This week we’ll take a look at the impact religion has on individuals that carry out violent acts (terrorism) in support of their theological views. For this week’s article, I would like to tackle it from two directions. One direction will be how religion, in general, can impact the mindset of a terrorist. Second, I will address how Islam can impact the mind of a terrorist as it did in the assassination of Mr. Taseer (Geopolitical Diary, 2011).
*Note: This article is part of a larger study on the above assassination.
The subject of this article is one that I have spent a good bit of time studying over the years. I spent the first 32 years of my life as an atheist and then became a Christian. This background has allowed me the interesting perspective of understanding the logic from both sides of the fence so to speak. One consistent flaw I’ve found on both sides (secular and religious) is the attempt to present or understand an issue to the other side from one’s own perspective. This is very relevant to understanding the physiological and behavioral effects on the religion based terrorist, as an attempt to understand it from a secular view will lead to an inadequate understanding. For instance trying to understand the actions of a suicide bomber from a secular perspective would likely lead to a conclusion they are insane or depressed, which is not typically the case. Rather the analyst must step into the mind of a believer to better understand the psyche involved. When looked at through this lens it is not nearly as hard to understand the logic behind it.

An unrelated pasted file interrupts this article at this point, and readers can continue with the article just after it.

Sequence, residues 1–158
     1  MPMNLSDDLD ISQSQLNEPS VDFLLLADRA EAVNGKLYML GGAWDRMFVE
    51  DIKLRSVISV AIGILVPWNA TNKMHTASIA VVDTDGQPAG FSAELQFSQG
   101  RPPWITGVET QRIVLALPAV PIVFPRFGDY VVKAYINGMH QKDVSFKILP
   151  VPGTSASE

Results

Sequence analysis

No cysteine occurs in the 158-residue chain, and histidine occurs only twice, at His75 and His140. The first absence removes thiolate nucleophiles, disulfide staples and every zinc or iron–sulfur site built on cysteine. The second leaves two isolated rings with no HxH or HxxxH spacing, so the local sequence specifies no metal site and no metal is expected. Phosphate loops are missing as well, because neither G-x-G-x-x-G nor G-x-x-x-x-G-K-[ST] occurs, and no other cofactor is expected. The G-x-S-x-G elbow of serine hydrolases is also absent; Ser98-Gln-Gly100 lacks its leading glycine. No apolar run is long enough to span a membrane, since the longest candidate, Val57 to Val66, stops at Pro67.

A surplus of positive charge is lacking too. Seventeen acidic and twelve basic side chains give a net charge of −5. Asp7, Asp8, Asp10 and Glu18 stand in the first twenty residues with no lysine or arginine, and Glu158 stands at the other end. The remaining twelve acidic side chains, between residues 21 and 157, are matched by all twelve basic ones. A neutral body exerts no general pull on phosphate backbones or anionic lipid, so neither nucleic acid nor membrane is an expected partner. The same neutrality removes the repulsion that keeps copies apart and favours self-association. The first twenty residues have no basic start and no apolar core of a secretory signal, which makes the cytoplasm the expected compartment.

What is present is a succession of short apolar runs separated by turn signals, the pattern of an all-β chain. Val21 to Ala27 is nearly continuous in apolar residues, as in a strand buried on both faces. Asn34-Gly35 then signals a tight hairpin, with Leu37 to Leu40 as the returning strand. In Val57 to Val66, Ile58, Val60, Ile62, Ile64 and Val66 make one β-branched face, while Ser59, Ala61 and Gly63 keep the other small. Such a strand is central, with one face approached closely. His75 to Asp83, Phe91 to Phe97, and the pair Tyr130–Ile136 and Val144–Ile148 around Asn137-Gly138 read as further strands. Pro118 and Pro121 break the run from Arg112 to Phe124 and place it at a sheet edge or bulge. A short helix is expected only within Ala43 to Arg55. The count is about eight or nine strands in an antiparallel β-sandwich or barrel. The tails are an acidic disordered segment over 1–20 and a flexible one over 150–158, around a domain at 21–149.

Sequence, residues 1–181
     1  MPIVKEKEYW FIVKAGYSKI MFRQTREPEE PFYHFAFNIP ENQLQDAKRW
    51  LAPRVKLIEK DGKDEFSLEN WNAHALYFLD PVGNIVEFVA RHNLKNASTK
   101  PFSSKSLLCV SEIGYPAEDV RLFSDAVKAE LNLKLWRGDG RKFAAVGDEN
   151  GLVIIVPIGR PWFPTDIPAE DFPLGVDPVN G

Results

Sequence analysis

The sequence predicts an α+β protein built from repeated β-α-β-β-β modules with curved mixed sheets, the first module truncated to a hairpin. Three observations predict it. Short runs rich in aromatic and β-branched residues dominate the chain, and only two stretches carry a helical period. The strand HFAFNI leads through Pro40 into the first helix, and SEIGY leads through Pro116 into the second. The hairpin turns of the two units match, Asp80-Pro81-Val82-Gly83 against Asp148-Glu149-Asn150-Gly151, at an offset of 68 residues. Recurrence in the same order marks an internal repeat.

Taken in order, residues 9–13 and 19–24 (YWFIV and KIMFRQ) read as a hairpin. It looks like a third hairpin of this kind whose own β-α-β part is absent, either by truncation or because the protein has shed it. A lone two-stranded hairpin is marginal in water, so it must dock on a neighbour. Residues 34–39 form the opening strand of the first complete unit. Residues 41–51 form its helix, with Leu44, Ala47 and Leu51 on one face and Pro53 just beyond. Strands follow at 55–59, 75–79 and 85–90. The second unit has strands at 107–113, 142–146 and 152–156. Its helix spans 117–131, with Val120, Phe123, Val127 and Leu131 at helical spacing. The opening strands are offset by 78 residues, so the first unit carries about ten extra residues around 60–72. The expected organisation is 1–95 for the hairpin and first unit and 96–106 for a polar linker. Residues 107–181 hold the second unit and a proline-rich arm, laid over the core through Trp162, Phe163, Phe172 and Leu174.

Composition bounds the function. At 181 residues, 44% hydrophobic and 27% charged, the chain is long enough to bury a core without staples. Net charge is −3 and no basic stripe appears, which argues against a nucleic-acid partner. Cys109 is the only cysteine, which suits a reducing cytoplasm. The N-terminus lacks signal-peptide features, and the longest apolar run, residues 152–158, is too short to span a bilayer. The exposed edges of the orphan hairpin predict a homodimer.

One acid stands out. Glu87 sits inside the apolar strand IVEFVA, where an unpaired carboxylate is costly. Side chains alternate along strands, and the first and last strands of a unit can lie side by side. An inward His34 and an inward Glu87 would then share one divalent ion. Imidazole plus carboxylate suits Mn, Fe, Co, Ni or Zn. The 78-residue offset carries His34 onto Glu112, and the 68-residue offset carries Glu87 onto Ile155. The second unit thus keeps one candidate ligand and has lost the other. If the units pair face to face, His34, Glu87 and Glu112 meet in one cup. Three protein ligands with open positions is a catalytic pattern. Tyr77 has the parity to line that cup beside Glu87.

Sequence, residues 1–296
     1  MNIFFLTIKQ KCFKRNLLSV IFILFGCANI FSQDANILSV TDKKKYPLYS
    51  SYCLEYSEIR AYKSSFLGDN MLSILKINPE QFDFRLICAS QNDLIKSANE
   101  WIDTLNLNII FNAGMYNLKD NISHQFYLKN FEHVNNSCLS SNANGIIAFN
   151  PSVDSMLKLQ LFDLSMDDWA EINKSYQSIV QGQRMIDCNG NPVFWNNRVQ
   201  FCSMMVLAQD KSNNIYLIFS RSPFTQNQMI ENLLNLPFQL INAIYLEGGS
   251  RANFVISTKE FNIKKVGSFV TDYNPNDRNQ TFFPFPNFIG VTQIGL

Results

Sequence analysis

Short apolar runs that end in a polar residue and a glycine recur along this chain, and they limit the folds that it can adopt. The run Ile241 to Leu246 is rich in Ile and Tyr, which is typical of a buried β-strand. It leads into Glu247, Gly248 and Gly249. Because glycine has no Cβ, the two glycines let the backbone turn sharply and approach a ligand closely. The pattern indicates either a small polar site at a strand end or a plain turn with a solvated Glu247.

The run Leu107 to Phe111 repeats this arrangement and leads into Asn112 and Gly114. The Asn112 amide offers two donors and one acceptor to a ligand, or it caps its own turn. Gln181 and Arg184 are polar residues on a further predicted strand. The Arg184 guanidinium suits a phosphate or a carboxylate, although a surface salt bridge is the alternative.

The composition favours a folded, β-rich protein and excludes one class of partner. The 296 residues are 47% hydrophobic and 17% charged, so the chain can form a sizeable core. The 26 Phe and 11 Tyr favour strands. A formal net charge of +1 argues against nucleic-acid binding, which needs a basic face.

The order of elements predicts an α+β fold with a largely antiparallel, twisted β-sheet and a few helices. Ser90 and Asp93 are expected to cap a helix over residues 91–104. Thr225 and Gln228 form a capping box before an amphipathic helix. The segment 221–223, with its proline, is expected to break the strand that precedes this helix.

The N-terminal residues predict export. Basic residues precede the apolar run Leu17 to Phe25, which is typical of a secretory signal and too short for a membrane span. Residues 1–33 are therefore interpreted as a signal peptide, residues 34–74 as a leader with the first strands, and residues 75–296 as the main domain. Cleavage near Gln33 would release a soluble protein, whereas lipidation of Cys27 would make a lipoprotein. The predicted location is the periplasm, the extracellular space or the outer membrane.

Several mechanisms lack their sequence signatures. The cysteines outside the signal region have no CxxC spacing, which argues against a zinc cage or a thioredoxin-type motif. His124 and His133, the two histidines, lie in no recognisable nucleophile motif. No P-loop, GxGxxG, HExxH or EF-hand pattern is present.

Religion to its followers is a fact, not a possibility. This is significant in understanding the terrorist actions and motivations behind them. Specifically to this topic, it is critical in understanding the psychological and behavioral influence religion has on the adherents. Religion subjugates its followers to its doctrine. Theological considerations aside, this can have a positive or negative influence on action dependent on the narrative. A positive example would be that of charitable deeds, while a negative influence would be that of obligatory killing. In the believers mind all actions are justified by the highest authority (their respective deity) and those who attempt to oppress such action are working against the will of god. From their perspective, it really is an “us vs. them” scenario (Cinoğlu, 2010, p. 204). In the (strong) believers mind the threat of ridicule, incarceration, and even death are minute when their eternal destiny is hanging in the balance of their current deeds.
It would be expected with the above understanding that a believer’s behavior will correspondingly reflect the doctrines of belief and scriptural guidance. Religion is an excellent tool for the crafty leader to utilize in the advancement of agenda. Essentially if you can convict followers to a religious belief you have summoned the authority of god to endorse the effort. This can be and has been done with virtually all religions (Hoffman, 2006, p. 82). That being said, Islam poses a challenge not typically seen with other religions as its founder (and prophet) was a great established warrior and set precedence for all followers (Sunnah).